The Internet is vast. So vast and rich in tools, you can now expand and localize your business painlessly to any country while drinking your morning coffee.
So let's take one of the examples. We have a customer X. Customer X has already successfully deployed a CRM (Customer Relationship Management) integration with Frends that included EDI (Electronic data interchange) and trigger-based creation of invoices.
Later on, customer X asks: "Hey Paweł, what if I wanted to expand to other markets? I have a translator, and she can translate some pages into German. I think she might use excel, and we can upload an excel to the Frends platform, and by using this data, we can localize our product. What do you think?"
I asked then:
- How many products are there? How extensive is the database? (As it turned out, there were around 6,000 items);
- How long would it then take to translate the content?;
- How costly would it be?;
- What's your ROI?;
- What is the benefit of having perfect translation?*
These questions made me think about big e-commerce companies and wonder whether we should follow their example.
As you may already know, Amazon or AliExpress use an autotranslation feature. The purpose is to help visitors make sense of the website, but translation accuracy is not always a top priority. For example, you would like to localize your webshop or website into different languages. Let's take Polish and Finnish as examples. As a result, the button "Your Orders" in English can turn into "Twoje Rozkazy" in Polish. "It does mean "an order" in Polish but not a shopping one, more as "giving orders to someone to do something." Even without knowing English, a Polish-speaking visitor could still easily navigate the platforms with such direct and automated translations. Hence, when shopping, we are not looking for much consistency, but the result remains pretty much similar: Order is made, and sales grow.
So I propose that customer X first do automatic translations using Google Translate. Then by looking at the traffic and statistics, we fix parts of the platform that are not consistent. By doing this, we optimized the whole process and saved lots of time, as we needed to localize a growing database.
So here how the process worked:
1. Picking a multilingual translation service. We chose API Google Translate as it is well documented, provides many language options, and supports text and HTML (if not Google Translate, you can always pick any other that has API or can produce ingestable data (file, queue));
2. Choosing a server. We will run our process on it. Good thing we did not need to choose any, as our Frends license had the cloud agent included on which we could deploy whatever we wanted;
3. Launching a browser. We need to access Frends panel to design and run our process. Good news, since you're reading this article, you already have that. So no time spent on that, too;
4. Preparing the list of target languages. We picked 6 for starters. You can easily pick much more;
5. Modelling Frends process to fit our e-commerce API. In a nutshell, iterate over each translatable item, ask for a translation, and update item. .NET code, loops, and exception handling did the trick;
6. Grand finale: the final result looks as this (simple!) – each segment is grouped in respective subprocesses that can be launched on demand, on schedule, or by API.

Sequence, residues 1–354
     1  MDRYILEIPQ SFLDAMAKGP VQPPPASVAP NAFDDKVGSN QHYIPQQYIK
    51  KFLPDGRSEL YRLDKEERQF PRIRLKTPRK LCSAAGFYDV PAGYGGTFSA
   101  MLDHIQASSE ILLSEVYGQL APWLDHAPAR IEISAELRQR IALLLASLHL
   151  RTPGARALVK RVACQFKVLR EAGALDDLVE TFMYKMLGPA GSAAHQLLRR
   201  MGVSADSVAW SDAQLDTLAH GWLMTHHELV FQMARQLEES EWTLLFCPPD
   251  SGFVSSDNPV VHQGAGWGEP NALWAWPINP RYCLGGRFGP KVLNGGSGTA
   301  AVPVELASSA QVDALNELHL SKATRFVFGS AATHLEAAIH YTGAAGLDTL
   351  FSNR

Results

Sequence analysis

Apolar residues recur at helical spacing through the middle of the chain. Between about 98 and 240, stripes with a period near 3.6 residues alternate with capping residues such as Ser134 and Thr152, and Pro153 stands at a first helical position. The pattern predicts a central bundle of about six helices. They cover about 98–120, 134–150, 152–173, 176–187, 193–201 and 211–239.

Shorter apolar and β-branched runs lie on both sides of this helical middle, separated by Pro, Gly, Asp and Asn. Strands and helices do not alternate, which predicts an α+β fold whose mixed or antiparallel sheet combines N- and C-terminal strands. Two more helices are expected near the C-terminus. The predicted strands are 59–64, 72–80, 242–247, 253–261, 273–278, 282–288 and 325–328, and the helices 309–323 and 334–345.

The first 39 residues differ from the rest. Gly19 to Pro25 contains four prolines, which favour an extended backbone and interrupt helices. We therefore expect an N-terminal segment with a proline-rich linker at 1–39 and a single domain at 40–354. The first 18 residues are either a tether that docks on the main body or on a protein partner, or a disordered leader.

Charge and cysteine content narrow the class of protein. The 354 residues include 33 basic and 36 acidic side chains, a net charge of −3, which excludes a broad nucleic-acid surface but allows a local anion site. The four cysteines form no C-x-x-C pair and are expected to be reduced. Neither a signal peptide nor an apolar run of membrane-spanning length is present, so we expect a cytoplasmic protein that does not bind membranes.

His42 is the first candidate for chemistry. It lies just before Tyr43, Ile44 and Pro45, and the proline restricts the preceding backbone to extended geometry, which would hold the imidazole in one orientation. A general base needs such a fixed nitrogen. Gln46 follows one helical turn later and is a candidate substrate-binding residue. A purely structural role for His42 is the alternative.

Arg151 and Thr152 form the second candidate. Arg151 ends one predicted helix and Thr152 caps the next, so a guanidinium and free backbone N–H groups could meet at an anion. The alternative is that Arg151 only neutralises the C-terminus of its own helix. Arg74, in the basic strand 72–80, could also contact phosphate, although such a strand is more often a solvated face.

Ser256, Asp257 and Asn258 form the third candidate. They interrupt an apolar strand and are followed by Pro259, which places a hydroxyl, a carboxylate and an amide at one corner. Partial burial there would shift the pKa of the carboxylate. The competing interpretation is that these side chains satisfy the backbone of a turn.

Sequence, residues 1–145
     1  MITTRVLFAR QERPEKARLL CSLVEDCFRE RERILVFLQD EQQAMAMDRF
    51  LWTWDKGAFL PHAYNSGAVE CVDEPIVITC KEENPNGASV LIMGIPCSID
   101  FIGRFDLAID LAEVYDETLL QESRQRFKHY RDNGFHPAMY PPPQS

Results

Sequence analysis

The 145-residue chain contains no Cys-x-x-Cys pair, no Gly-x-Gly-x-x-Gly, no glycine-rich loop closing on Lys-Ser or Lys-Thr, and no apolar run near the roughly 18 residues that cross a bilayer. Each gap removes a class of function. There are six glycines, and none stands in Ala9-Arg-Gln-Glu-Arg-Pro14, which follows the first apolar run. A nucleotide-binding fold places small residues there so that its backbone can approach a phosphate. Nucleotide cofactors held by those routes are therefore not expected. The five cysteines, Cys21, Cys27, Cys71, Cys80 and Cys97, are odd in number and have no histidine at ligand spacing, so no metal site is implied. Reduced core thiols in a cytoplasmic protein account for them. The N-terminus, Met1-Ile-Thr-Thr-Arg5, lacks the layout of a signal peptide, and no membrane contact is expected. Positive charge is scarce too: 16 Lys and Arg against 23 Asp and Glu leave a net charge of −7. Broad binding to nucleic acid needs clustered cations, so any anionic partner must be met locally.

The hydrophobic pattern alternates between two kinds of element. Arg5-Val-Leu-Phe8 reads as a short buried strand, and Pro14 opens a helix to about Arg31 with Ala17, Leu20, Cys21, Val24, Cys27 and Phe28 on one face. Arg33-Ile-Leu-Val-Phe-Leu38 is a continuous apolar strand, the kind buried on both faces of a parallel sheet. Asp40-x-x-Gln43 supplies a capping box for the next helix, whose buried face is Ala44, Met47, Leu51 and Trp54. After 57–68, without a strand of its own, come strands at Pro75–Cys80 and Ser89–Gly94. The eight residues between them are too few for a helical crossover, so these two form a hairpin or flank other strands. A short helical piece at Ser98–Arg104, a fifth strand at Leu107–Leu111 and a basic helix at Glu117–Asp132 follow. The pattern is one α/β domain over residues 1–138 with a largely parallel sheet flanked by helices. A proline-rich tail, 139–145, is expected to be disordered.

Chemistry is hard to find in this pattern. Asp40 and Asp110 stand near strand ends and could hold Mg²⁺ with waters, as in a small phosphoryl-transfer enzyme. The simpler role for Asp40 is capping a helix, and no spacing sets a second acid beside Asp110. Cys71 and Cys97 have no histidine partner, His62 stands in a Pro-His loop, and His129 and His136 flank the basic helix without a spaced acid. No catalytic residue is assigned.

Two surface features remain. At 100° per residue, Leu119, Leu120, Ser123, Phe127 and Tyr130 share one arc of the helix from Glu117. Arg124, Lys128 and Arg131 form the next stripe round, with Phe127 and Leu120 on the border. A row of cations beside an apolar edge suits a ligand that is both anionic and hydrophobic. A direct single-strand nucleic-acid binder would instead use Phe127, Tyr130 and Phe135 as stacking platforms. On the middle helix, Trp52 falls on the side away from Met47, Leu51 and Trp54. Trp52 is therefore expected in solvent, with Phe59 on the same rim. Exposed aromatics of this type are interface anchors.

*If you don't want to get as technical, scroll past screenshots and read why this approach works so much better than writing a new standalone application.
Looking at each subprocess, it seems a little more complicated, but this is to be honest, the most complex part of the whole project.
Looking at each subprocess, it seems a little more complicated, but this is, to be honest, the most complex part of the whole project.
Low-code use was up to our preference, but you can also create visual loops without having any programming skills. And if you don't know how to do something, you always have guys at email@example.com or the community who could help.
A bonus in this process is that we made it reusable and scalable. Do you need the same process for another platform or website? What we need to do is simply change environment variables, and it will do the job: Here is how the final process running and monitoring view will look like in the frends UI:
Here is how the final process running and monitoring view will look like in the frends UI:
To translate an e-commerce business to 6 languages in a day, we used solely one solution - Frends. Usually, we use Frends for integrations. In this case, we utilized it to perform a programming task, and we ended up with a complete, transparent application, easy to be changed, launch, and monitor. All you need is a browser.
As you can see, without knowing any code, you can create API, functions, translations, processes, and tasks. With low-code, anybody can code, even without a code, as it turns out :). Most importantly, there isn't a programming task that couldn't be written here as Frends supports pure .NET Core 2.0 and 4.5.7 with external nuggets that you may include. Moreover, it lets you launch anything like JAVA or Python on your target server when there is an installed agent.
Have a business case in mind? Any localization challenges? Do not hesitate to reach us to discuss your ideas!
- Sweden: Kristoffer Lundegren at firstname.lastname@example.org
- Poland: Pawel Kowalski at email@example.com
- Finland & the world: Juha Moisio at firstname.lastname@example.org
or book a demo meeting at any time that suits you.
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